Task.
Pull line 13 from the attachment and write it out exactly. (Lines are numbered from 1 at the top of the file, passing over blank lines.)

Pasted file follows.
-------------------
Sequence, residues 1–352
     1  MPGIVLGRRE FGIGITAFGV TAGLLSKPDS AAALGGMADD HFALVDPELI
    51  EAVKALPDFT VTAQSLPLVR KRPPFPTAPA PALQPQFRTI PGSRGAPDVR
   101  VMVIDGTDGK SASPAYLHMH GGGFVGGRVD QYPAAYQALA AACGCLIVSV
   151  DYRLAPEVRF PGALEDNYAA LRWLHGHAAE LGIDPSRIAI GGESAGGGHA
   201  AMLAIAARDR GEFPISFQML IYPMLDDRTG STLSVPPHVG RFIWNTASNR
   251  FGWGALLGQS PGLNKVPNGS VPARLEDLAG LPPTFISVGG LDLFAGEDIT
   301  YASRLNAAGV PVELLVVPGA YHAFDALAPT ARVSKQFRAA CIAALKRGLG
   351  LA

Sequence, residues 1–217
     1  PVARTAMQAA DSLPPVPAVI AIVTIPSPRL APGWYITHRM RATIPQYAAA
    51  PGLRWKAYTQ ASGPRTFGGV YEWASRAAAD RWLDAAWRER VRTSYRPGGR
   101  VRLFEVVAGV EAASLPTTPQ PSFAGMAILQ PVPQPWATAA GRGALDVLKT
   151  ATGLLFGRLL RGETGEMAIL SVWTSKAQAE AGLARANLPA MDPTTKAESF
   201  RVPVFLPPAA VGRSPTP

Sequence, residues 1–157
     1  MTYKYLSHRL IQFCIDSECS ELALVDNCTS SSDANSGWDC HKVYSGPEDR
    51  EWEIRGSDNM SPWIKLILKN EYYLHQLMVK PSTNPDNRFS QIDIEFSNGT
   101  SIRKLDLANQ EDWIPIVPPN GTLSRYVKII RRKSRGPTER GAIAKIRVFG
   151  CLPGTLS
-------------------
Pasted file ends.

   101  VRLFEVVAGV EAASLPTTPQ PSFAGMAILQ PVPQPWATAA GRGALDVLKT